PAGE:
Let me draw distinctions on a couple of your points.

1) I'm not arguing electioneering (a separate argument).  I'm arguing the leverage of influence over decades, masterfully carried out. In way that persuades people to believe what they believe...and vote the way they do.  I believe a hundred years from now people will be studying how this has been carried out--whether the effort is ultimately successful or not.

2) I'm not equating our current situation with mysterious forces/influences of the past...in your examples, where they rose only to the level of suspicion.  In our current case, no allegations need be leveled--it's a matter of quoting the perpetrators of this influence in their own words.  They're proud of it.  As Hillary Clinton said recently, when asked whether she still believed in a vast right wing conspiracy, (paraphrasing only slightly)..."Of course--but maybe not a conspiracy anymore, since it's so out in the open."  Chapter and verse is readily available.

3) This isn't a matter of right vs. left.  Do I think liberals are 'smarter' than conservatives?  No.  I ascribe to Churchill's quote: "people don't get to be conservative until they have something to conserve."  Or, in an even a more hackneyed version, "where you stand depends on where you sit."  There are smart people on both sides of the fence.  But the majority--again on both sides--don't lead lives that let them investigate politicians and their claims as closely as do people here.  Now, here's my incendiary difference: clueless liberals run off at the mouth aimlessly and (largely) harmlessly; clueless conservatives elect people intent on destroying democracy. I expect a lot of people disagree.  But that's what i believe.

And I'll conclude by saying that given your own position and experience, I really value interchanges with people like you.  I've essentially sworn off lefty websites.  What's the fun in being in the middle of a bunch of people who agree with you?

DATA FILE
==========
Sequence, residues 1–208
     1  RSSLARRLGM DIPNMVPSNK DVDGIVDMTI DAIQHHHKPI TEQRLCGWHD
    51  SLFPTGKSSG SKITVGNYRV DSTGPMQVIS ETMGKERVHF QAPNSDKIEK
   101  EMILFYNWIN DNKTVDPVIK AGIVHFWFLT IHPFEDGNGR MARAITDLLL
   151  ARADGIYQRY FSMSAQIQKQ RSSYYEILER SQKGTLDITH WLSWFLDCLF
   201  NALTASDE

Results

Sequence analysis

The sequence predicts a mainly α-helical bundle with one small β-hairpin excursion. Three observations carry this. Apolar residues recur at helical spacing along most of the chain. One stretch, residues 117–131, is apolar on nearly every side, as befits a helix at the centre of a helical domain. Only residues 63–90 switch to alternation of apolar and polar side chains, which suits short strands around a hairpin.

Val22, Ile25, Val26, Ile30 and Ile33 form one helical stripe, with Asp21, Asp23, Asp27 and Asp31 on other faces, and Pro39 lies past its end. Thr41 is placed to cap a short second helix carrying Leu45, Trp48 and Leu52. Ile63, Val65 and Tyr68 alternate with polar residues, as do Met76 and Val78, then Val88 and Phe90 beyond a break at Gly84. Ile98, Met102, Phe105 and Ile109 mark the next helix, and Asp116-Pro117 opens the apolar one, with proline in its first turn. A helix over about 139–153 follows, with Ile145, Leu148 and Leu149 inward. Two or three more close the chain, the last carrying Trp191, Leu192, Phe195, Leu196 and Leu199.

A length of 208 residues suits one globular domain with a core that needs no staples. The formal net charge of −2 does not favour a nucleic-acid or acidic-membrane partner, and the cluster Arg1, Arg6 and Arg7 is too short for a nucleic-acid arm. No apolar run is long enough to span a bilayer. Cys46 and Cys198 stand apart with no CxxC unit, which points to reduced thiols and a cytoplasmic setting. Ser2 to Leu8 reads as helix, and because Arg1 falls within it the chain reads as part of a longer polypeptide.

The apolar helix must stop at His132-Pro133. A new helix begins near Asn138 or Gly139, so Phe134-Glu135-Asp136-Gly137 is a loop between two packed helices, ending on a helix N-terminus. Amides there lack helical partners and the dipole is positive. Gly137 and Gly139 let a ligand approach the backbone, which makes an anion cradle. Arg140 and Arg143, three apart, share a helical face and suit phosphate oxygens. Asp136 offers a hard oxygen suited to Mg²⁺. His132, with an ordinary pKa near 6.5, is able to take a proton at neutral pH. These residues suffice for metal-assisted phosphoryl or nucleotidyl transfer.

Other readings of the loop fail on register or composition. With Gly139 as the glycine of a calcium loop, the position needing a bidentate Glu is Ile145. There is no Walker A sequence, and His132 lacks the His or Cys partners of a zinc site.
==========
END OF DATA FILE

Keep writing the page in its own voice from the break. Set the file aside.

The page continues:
And I realized last night, after hopping in bed, that I should have pointed out that you certainly weren't linking those past groups to your current argument.  



Because people were trying to control the amount of money used in voter education (or influencing, vote buying, dumbing down, whatever, choose your term). Whatever your solution to corral the evils of money in politics, it will likely create a problem even worse. SuperDEdooper Pacs maybe. Or Cuba.  

George Will likes to compare, quite regularly, the amount of money spent selling Tortilla chips compared to influencing an election. I haven't seen his reiteration this year, but Tortilla chips, potato chips, whatever he uses, the lowly product always comes out ahead. Hey, people's jobs are dependent on the product being sold. Even Bernie Sanders has thousands of folks who would LOVE to be paid to spread his message. Is it right to deprive them of this opportunity?

On a personal note: I recently took my frustration on the politics of resentment on poor LR, and you, gentle readers. Nuff said there, if you don't know what I am referring to, consider yourself fortunate. But if you do, then for that, I apologize.


You're a model of what makes the Think Tank what it is.  That you're capable of getting a bit irritable is more amusing than anything.  You've still got about 900 grouchy days to go, to catch up to me!

Your second sentence above ++ Whatever your solution to corral the evils of money in politics, it will likely create a problem even worse ++ that's my impression too.  But I'm sure we agree there comes *some* point at which the U.S. government has to level out abuses of power.

Personally I don't think it's an "abuse of power" that Corporation X merely speaks to me loudly.  For me, abuses of power in America go more to the question of when I am being silenced, suppressed, censored, etc.

SOMEbody is going to be speaking to me loudly.  The last 8 years, it has mostly been President Obama.  How do we select the people with the microphones?  If Facebook selects the microphones, that's going to be "abuse of power" by Zuckerberg, isn't it?


Try to corner the pigs any way you want...and they will still slip away.  Money will find a way.

But to me this is like saying that since auto accidents will always happen, what's the use having a seat belt law?

lr's picture

That it's hard to find a good starting spot. Great post, fairly asked questions, and you summed mine and Ricks particular problem up pretty well. Regarding influence as you've described it, here's what I think most of America believes.